Three years after her partner's untimely death, Dr. Lena Thierry, a neuroengineer, has been unable to move on. After years of research and development, she attempts to upload his consciousness into a computer software program.
BUREAU: When you decided to make this short film, where did you start?
ISASIS: I would like to contextualize my answer to this question with just a bit of background. I did not go to film school. I have been a filmmaker for sixteen years, self-taught, and so for the last sixteen years, I have largely, created a self-apprenticeship to sustain myself as an artist.
I am constantly re-working, and fine-tuning my craft. For the last three years I have been getting into the speculative fiction space (I typically write dramatic pieces). I came across an article on Whole Brain Emulation. WBE is the idea that one day we will be able to upload our brains—our memories, experience, mainly our lives on a hard drive. I found the theory fascinating.
After doing research, I decide I would dive in and have Whole Brain Emulation be the B-story, while the A story would focus on the complications of grief. This was how Lena’s Complicated Machine was born. The heart of the story is the ethic of hacking someone’s brain for dealing with grief.
BUREAU: What kind of hurdles do you face as a filmmaker working in short film?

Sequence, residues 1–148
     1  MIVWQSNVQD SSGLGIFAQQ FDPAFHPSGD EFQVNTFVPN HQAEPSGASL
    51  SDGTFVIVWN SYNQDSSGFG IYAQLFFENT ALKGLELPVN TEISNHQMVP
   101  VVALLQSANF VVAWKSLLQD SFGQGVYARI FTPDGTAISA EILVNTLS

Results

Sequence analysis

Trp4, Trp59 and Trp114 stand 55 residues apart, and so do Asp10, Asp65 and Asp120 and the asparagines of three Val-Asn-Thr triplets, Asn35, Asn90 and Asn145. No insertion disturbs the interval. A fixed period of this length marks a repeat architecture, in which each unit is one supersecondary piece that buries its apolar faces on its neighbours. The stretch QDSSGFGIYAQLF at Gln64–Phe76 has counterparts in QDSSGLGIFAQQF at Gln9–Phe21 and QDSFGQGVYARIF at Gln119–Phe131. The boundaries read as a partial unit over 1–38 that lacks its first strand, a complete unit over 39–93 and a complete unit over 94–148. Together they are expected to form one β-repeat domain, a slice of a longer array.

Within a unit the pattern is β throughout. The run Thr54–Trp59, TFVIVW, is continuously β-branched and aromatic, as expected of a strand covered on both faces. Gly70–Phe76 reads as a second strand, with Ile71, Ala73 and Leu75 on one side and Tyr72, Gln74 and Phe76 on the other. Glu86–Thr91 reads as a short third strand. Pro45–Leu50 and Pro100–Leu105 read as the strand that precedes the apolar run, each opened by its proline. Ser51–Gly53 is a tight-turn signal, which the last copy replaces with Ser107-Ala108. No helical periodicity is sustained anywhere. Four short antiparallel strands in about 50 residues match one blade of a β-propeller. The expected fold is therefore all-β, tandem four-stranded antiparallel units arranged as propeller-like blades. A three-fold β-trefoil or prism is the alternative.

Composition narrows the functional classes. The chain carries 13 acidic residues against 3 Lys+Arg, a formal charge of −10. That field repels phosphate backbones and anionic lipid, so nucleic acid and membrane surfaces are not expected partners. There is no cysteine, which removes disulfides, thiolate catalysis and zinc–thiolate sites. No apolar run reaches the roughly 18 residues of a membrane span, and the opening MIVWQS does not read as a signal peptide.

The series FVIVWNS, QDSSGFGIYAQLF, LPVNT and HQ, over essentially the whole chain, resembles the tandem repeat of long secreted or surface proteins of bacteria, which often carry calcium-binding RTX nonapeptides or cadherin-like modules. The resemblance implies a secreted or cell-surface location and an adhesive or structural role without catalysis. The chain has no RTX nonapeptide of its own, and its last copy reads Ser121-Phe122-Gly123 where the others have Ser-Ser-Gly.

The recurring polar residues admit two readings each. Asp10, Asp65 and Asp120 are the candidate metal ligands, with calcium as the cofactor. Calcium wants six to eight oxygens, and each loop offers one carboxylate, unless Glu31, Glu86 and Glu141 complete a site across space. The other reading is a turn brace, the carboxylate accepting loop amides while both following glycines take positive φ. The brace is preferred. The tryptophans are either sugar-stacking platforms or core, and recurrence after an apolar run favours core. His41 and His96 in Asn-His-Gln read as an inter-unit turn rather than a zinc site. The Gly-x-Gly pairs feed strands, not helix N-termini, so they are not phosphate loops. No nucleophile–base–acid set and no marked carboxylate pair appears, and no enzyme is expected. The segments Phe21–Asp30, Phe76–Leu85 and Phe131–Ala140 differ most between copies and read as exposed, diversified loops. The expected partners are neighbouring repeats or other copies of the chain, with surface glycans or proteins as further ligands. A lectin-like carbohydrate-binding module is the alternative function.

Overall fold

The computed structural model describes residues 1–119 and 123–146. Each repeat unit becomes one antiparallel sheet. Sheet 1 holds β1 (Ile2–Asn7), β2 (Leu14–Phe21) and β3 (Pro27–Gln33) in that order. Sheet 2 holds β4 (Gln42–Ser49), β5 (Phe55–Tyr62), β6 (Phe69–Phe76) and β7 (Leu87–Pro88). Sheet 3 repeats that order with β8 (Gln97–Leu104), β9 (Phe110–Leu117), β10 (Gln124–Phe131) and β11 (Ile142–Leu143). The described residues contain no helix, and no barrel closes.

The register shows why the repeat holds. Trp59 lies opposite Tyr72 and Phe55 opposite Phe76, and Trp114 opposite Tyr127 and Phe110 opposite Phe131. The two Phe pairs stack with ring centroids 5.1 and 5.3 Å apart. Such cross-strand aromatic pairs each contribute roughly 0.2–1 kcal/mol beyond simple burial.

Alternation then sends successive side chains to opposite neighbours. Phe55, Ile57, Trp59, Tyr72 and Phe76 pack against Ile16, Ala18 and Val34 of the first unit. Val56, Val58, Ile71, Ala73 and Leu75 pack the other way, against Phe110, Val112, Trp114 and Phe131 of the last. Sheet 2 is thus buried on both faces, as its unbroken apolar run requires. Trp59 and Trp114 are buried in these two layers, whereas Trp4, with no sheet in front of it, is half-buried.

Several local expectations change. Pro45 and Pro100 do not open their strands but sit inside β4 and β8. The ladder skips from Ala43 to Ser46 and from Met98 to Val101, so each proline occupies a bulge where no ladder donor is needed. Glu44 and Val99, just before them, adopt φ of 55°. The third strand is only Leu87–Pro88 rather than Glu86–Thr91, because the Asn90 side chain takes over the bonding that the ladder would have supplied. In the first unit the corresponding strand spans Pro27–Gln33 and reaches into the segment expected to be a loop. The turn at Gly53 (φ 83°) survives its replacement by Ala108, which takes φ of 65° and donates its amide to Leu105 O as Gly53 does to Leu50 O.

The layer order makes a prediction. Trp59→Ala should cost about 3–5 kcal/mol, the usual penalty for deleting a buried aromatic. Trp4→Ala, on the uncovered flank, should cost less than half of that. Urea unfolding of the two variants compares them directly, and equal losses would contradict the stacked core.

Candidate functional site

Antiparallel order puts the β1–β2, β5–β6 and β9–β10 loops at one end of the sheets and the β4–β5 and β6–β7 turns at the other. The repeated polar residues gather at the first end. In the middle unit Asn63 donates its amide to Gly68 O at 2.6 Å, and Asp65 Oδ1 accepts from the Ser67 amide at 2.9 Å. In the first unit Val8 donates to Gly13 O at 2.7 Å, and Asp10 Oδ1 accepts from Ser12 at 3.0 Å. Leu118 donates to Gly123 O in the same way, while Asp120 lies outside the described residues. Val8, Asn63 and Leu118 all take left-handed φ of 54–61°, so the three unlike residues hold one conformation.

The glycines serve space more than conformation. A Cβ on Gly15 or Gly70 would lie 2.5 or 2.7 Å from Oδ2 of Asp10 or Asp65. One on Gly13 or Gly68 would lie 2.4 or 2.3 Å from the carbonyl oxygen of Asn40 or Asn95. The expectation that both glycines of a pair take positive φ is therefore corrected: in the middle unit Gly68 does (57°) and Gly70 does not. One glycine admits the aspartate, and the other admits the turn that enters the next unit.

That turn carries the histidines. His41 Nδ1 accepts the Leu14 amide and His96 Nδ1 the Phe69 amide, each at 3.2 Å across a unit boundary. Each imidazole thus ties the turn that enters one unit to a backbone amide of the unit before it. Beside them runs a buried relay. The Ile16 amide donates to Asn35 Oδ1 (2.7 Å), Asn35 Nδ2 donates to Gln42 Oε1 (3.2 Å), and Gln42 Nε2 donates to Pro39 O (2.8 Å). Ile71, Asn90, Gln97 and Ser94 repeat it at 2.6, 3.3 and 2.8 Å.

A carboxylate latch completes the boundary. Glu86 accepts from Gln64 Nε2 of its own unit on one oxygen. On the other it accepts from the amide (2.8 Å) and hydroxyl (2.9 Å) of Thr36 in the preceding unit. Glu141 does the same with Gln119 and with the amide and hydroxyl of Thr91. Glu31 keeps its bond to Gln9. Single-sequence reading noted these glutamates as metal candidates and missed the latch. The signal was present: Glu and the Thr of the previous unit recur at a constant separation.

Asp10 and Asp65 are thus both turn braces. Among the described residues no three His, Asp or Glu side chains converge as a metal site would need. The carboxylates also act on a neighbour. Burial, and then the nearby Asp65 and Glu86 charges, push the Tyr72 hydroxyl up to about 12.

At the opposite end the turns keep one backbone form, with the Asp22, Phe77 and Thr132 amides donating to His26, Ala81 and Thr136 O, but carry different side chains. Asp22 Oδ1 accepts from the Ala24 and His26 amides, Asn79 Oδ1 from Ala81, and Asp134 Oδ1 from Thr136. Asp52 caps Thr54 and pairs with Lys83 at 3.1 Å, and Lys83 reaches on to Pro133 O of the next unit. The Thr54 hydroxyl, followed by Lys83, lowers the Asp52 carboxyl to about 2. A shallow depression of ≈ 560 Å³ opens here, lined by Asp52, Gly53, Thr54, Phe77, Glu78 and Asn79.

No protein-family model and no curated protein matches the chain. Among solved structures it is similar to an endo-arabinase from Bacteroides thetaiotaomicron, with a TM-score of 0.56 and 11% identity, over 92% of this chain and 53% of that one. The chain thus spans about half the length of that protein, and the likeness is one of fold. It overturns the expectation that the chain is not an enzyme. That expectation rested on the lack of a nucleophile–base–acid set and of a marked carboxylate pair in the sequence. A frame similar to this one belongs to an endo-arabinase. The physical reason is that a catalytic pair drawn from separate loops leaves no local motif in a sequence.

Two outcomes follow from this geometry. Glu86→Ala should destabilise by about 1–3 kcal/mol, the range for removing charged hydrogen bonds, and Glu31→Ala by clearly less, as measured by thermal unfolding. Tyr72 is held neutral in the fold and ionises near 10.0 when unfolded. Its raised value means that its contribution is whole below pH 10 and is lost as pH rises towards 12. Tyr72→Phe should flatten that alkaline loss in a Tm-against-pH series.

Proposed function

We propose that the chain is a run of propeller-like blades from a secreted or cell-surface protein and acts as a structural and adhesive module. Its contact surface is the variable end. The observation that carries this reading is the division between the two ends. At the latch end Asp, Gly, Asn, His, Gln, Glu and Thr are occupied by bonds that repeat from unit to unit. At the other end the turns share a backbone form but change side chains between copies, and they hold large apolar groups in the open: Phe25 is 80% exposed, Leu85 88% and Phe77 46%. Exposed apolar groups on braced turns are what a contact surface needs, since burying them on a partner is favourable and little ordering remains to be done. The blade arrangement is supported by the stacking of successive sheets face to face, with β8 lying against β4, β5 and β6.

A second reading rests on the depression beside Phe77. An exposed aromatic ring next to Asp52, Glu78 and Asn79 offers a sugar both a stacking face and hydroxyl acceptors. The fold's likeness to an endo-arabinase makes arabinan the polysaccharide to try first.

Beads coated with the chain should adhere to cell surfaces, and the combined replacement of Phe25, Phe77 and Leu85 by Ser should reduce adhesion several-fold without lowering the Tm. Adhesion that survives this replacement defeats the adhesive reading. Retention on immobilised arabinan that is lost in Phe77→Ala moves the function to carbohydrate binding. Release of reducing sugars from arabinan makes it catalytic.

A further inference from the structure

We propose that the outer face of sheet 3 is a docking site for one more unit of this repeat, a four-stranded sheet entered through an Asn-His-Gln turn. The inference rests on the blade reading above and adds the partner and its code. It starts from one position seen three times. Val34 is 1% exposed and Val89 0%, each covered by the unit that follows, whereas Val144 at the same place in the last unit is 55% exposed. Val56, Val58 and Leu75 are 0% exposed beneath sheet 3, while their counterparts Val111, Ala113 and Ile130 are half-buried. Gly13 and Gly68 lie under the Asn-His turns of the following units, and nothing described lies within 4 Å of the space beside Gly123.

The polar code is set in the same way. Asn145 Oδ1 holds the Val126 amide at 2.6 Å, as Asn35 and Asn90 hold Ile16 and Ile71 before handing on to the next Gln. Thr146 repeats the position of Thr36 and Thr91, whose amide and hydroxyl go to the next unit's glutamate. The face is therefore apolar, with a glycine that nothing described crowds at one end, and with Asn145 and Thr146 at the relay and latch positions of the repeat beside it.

ISASIS: I believe the hurdles for shorts and features are similar regarding production—many of the same concepts and processes do not change. However, the major hurdle for short films is that our culture does not value short works.
It is disheartening when short film platforms are overrun with high-concept special effects short projects whose primary purpose is to be a proof of concept, and get the attention from Hollywood. Sometimes it all feels like a gold rush.
The consequences are that the audiences get trained on expectations, and attention span and those shorts telling simple stories about the human condition are pushed further into the background.
BUREAU: What projects are you working on next, and how can people who are interested best support or share that work?
ISASIS: My next short project is an adaptation of William Shakespeare’s Julius Caesar starring an all-female cast. It will not be set in a contemporary setting. I plan to keep the Shakespearean English and the Roman time period.
New York City has nine castles. My ultimate goal is to film in the New York Metropolitan cloisters. The challenge will be getting these locations.
I have just finished the adaptation, and now starts the long road of producing, securing some funds, but more importantly, obtaining support from the community to make it a reality. If people are interested in supporting a project like this, by all means, contact me via my website at malik.nyc, let's have a conversation.